A U.S.-Russian agreement for Syria to turn over its chemical weapons stockpiles and avoid American air strikes is a ‘victory’ for President Bashar Assad, the Syrian official in charge of reaching out to the government’s opponents declared Sunday.
Ali Haidar, the minister for national reconciliation, told the Russian news agency Ria Novosti that the accord, which calls for the destruction of Syria’s ability to produce and use its weapons by November and the elimination by the middle of next year of all materials that might be used to make chemical weapons, is a victory for the Syrian people over American hegemony.
"We welcome these agreements," Haidar said. "On one hand, it helps the Syrians emerge from the crisis and on the other it has allowed for averting war against Syria."
"It’s a victory for Syria that was achieved thanks to our Russian friends," Haidar said.
Haidar’s comments were the first by a Syrian official since U.S. Secretary of State John Kerry and Russian Foreign Minister Sergey Lavrov announced the deal in Geneva on Saturday. The deal calls for Syria to reveal what kinds of chemical weapons stores it has and where they are kept by the end of next week, with elimination of its ability to use the weapons coming by November.
The assumption is that, because the deal was reached with Russia, Syria would be likely to meet its terms; Russia is the source of most of the Syrian government’s weaponry as it fights a bitter civil war with rebels.
But the Syrian government has not explicitly said that it had agreed to the timetable and Assad has offered no comment. In interviews with Russian television last week, Assad said his country would reveal the details a month after it formally signed the Chemical Weapons Convention, which bans the toxic weapons. The United Nations said Syria’s accession to the convention will be official Oct. 14.
The agreement announced by Russia and the United States on Saturday said, however, that Syria had agreed to put the convention into effect even before its membership was official and that inspectors from the Organization for the Prohibition of Chemical Weapons should be allowed to begin their work in that country immediately.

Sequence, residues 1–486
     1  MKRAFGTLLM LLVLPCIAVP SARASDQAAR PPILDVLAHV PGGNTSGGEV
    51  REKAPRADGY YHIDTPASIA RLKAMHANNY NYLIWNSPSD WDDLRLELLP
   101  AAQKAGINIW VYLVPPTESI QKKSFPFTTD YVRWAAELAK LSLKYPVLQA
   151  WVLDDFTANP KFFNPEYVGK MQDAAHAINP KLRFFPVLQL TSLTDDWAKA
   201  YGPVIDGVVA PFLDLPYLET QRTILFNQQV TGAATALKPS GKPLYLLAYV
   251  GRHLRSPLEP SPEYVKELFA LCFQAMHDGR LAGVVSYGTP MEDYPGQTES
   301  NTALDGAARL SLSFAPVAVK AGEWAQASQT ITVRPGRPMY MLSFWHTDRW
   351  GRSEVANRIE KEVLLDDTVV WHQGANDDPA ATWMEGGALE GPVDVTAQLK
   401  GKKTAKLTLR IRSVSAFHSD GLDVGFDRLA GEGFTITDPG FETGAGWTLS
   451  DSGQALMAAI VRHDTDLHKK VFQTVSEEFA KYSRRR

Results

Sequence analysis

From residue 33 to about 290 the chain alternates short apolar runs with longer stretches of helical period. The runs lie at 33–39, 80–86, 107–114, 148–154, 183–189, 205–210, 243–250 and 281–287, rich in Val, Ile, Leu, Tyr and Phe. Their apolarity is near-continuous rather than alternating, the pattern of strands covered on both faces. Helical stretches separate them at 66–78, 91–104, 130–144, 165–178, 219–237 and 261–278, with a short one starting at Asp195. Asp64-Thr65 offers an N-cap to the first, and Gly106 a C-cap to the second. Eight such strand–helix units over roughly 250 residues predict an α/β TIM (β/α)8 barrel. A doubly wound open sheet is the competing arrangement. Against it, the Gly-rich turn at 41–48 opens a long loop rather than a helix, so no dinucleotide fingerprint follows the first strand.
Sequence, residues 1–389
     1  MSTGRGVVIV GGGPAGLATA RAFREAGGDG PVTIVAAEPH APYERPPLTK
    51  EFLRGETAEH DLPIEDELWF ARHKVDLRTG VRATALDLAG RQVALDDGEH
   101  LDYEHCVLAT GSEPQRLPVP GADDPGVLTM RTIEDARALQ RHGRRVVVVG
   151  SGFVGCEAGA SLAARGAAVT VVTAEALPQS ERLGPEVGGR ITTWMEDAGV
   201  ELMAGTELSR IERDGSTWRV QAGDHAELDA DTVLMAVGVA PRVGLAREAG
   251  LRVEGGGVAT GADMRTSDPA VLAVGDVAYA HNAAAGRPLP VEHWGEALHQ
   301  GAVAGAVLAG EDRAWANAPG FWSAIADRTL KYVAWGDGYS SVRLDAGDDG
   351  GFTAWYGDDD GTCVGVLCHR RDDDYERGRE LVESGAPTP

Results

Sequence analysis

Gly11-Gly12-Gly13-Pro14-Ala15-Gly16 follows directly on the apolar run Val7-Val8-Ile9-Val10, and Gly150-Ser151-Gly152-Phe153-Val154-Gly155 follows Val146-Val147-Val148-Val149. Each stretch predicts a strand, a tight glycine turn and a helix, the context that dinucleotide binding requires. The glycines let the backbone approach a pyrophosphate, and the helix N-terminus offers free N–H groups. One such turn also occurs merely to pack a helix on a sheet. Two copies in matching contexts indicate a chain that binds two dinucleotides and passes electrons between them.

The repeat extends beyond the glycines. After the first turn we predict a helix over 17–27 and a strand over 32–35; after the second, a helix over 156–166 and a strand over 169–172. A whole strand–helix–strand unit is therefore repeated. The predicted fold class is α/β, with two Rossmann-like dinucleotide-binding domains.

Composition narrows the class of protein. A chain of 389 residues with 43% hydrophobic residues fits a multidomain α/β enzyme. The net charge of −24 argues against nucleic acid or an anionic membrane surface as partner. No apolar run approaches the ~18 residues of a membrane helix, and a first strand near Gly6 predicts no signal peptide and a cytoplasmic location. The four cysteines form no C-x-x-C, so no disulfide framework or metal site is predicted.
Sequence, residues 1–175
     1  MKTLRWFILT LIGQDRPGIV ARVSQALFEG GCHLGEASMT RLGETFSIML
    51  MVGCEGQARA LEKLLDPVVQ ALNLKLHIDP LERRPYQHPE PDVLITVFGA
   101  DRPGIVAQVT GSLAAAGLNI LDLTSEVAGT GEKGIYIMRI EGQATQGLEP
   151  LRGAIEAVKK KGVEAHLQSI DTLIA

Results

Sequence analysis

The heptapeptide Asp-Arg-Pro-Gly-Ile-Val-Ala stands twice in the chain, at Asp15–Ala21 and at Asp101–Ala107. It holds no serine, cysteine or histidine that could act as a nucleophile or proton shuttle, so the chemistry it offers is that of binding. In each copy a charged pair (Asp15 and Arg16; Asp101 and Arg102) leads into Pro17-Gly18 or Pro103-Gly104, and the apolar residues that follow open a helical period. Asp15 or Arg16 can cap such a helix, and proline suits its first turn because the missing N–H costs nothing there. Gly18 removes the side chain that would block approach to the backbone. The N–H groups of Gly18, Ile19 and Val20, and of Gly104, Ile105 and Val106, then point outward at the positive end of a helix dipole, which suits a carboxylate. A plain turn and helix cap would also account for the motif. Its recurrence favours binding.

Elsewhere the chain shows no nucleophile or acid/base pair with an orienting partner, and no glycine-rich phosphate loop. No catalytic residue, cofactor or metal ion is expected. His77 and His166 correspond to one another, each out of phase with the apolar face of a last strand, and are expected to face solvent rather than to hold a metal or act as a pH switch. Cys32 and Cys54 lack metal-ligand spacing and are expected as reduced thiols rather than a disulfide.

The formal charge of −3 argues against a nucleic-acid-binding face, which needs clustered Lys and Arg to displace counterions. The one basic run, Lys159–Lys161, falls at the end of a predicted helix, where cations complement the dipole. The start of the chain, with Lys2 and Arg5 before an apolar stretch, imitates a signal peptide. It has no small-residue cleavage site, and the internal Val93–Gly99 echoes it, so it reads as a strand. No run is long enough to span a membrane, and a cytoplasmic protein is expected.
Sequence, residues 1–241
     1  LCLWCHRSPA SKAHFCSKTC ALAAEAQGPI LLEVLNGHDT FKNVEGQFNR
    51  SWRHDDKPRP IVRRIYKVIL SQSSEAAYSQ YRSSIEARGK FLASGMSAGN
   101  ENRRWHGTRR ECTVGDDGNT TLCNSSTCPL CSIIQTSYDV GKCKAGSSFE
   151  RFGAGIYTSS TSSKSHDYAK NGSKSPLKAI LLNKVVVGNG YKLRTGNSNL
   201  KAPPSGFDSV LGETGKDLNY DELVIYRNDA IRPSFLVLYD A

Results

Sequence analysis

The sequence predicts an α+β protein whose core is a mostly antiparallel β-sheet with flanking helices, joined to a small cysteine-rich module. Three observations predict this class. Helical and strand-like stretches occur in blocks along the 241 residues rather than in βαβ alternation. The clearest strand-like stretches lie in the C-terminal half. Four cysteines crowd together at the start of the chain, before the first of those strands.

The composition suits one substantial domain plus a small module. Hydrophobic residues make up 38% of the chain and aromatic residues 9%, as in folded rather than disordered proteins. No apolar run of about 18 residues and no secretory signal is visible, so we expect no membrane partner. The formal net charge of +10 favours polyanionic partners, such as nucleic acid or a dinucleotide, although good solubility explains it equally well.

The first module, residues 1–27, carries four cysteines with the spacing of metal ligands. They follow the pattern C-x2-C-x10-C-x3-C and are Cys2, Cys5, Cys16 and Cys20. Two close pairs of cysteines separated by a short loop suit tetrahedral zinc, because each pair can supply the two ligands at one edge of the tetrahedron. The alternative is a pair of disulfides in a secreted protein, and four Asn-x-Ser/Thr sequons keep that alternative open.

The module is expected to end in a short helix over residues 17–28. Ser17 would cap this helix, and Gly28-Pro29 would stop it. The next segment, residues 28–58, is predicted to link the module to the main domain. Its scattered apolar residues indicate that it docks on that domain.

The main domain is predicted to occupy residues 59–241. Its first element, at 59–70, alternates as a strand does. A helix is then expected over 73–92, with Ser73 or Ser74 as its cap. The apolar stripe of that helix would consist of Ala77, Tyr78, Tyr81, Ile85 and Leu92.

With the subject of chemical weapons seemingly on the way to resolution, both Haidar and the anti-Assad rebels began campaigning to expand it to include other contentious issues in Syria’s civil war.
Haidar said he believed the agreement also should include a ban on military and logistical support for the rebels while spokesmen for the rebels said it should also prohibit Assad from using missiles and air power on urban areas.
The conventional war has claimed more than 100,000 lives from both sides of the conflict, far more than the hundreds killed in the Aug. 21 alleged chemical weapons attack in the suburbs east of Damascus that sparked the round of diplomacy that led to Saturday’s agreement.
The war is generally described as a stalemate, and most analysts believe the fighting will continue unabated. Rebels and their supporters have expressed bitter disappointment that the chemical weapons agreement appears to have stalled for now any possibility that the United States will launch an attack on Assad military sites.
An official statement from the Syrian National Coalition – the umbrella opposition organization that the United States recognizes as the sole legitimate representative of the Syrian people, called not only for banning the use of airplanes and ballistic missiles against rebellious urban areas but also demanded that regime officials face war crime charges for the Aug. 21 attack.
"The Syrian National Coalition insists that the prohibition of chemical weapons, the use of which has left more than 1,400 civilians dead, be extended to the use of ballistic missiles and aircraft against urban areas," the statement said. “Securing the regime’s chemical weapons must be accompanied by a search for justice with the perpetrators of the chemical weapons attacks brought before the International Criminal Court."
The statement did not criticize the agreement, but several officials from the Syrian Military Council, the U.S.-backed amalgam of rebel groups, have.
Meanwhile, the head of al Qaida, Ayman al Zawahiri, has urged rebels to refuse to work with the United States and its Gulf Arab allies and to focus on establishing an Islamic State in Syria. Two of the anti-Assad movement’s most effective organizations, the Nusra Front and the Islamic State of Iraq and the Levant, are al Qaida affiliates.
"I warn my brothers and people in the Syria of unity and jihad against coming close to any of these groups," he said in an audio statement that was posted on the Internet last week. A translation by an al Qaida monitoring group was released Sunday.
Zawahiri also warned his followers not to attack civilians and warned that the group would act against those that do. Residents in areas controlled by Nusra and the Islamic State have complained that the groups have meted out brutal punishments on Syrians they deem insufficiently religious.
“All who shed the forbidden blood of a Muslim or non-Muslim, we are innocent of this act, and if they are from us then we will seek to hold them accountable," Zawahiri said.
By Mitchell Prothero
McClatchy Foreign Staff